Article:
Now I'm Gonna Make Love to You B

This is a masssssssive improvement over the previous song, though anything was bound to be. Even these good songs sound sloppy! Sometimes slop is a good thing, but it seems that Barry White would flourish the best when everything is squeaky clean. That's just the sort of musician he was! Again, those vocal overdubs are too blocky... He could have tried harmonizing a little bit, or something. This is another one of those songs with a marginally good hook, but they just repeat the thing so much that it loses its power! It's a shame these guys weren't very interested in songwriting...


Sings For Someone You Love (1977)

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Sings For Someone You Love

Playing Your Game, Baby B-

This is about as pleasant, goodhearted and inoffensive as it gets without ever being good. The nice thing is that White decided to forgo it with his inane bedroom mumbling meaning that this song isn’t as groan-inducing as it would have been. The problem is this song just doesn’t get too interesting. It goes on with the same slow tempo and a couple of melodic ideas that get repeated for seven whole minutes. All the same, I do like the slow and cool tempo and the few melodic ideas that it does have. The atmosphere is rather well done with a number of sound-effects to give it a nice texture. Furthermore, White’s voice seems like it’s in top form, which is always nice to hear. Those trumpets are rather minimal, but an excellent touch.

It’s Ecstasy When You Lay Down Next to Me A-

You can tell White was trying to spread out these songs for all they were worth, because the intro is about 40 seconds too long! Luckily, what ensues is a very well done song! It’s a mid-tempo funk song with a suave rhythm and catchy rhythm guitar riff. White’s vocals are excellent here sounding like he’s a drug addict or something. The funk trumpets and scaling violins are ultra polished, and they sound fantastic. The seven-minute running length was definitely overdoing it, but I don’t seem to mind a whole lot in this instance.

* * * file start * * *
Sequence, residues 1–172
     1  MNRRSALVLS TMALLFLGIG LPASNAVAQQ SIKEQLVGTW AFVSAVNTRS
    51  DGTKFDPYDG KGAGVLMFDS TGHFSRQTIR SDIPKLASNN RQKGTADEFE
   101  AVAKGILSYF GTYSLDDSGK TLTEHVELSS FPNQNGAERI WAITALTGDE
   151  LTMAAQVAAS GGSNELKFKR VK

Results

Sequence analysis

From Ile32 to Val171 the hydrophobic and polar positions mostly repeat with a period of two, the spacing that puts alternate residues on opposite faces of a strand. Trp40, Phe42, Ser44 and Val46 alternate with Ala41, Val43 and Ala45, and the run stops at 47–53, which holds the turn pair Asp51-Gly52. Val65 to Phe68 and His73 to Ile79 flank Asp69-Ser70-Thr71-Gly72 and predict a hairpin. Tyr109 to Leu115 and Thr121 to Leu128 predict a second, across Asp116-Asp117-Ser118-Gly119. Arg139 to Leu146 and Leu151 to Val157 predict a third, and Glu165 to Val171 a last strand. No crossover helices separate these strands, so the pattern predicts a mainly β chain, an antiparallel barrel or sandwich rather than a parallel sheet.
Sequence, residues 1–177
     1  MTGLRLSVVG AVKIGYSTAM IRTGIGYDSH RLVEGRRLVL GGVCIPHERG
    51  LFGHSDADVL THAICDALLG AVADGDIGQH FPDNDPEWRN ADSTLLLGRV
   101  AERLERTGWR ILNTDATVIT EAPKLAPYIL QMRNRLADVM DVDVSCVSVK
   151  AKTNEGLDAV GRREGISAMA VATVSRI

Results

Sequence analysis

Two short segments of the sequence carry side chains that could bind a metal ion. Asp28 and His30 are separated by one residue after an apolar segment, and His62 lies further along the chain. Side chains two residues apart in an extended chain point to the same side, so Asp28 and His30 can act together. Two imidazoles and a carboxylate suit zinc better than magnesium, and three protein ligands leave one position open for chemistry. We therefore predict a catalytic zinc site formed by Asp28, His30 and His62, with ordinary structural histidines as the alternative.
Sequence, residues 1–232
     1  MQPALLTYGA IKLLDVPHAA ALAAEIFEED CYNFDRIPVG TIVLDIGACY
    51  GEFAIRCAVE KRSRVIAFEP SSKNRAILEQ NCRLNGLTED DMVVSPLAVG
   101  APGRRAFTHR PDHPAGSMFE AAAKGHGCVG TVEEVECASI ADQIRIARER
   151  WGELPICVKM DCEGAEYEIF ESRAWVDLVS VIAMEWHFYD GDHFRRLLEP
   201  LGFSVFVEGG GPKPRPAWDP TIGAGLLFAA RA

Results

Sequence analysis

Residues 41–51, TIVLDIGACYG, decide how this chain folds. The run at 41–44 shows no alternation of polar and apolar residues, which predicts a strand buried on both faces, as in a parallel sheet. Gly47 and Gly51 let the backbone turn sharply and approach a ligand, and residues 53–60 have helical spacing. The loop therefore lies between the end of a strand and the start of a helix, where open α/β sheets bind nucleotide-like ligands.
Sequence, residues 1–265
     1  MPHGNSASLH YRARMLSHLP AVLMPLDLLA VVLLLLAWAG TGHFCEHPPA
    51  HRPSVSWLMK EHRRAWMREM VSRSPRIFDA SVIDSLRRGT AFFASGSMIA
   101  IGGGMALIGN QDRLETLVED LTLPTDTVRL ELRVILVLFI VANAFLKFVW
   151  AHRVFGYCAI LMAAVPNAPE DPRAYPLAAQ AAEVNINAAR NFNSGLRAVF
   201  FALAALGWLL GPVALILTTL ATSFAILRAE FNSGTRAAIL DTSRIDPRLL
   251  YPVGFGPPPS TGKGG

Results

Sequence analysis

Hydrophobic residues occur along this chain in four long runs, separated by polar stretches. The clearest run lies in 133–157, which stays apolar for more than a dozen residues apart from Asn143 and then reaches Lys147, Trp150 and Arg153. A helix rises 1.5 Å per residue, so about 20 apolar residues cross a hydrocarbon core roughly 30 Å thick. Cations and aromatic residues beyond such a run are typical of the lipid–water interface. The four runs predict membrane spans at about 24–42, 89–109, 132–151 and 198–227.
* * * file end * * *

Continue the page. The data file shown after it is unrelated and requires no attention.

You’re So Good You’re Bad C-

The one benefit here is that White doesn’t succumb to his awful bedroom mumbling. The bad thing is this is another case where White is stretching a few musical ideas very thinly (this is more than six minutes long), and I wasn’t too keen on the musical ideas to begin with. I like that it’s inoffensive at least, and that was a start. It’s a very pleasant and dull thing to sit through. It’s a shame that he could never get this filler under control.

Never Thought I’d Fall in Love With You B

A five-minute pop song? Ah, but if he repeated the line “I never thought I’d fall in love with you” once more, I might have had to hurt something. (Most likely my own hand by punching my desktop with it.) The melody isn’t as good as an ABBA song, but it’s catchy enough, and the instrumentation is fine. A very clean drum keeps the beat and there’s a cheesy electric piano to makes sure it sounds as 1970s as possible.

You Turned My Whole World Around D

I was actually hoping that White learned from his previous mistakes … But here’s an overextended track featuring his horrible bedroom mumbling anyway. And then he commences to sing a barfy romantic song that doesn’t even come close to having a memorable melody. It’s an eight-minute bore-fest, and a huge piece of filler. I know it’s bad form of me to think of a washed up lounge singer when I hear this, but I do! I can’t stop my imagination! It runs rampant sometimes!!

Oh What a Night For Dancing C